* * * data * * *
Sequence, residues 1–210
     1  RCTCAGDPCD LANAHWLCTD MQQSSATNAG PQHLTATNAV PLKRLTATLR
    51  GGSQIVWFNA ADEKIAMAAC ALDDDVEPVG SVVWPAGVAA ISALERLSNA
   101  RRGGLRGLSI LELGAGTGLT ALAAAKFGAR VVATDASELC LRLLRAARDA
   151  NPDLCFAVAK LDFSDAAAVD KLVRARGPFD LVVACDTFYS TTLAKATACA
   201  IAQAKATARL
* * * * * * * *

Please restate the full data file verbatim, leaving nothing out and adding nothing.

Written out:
Sequence, residues 1–210
     1  RCTCAGDPCD LANAHWLCTD MQQSSATNAG PQHLTATNAV PLKRLTATLR
    51  GGSQIVWFNA ADEKIAMAAC ALDDDVEPVG SVVWPAGVAA ISALERLSNA
   101  RRGGLRGLSI LELGAGTGLT ALAAAKFGAR VVATDASELC LRLLRAARDA
   151  NPDLCFAVAK LDFSDAAAVD KLVRARGPFD LVVACDTFYS TTLAKATACA
   201  IAQAKATARL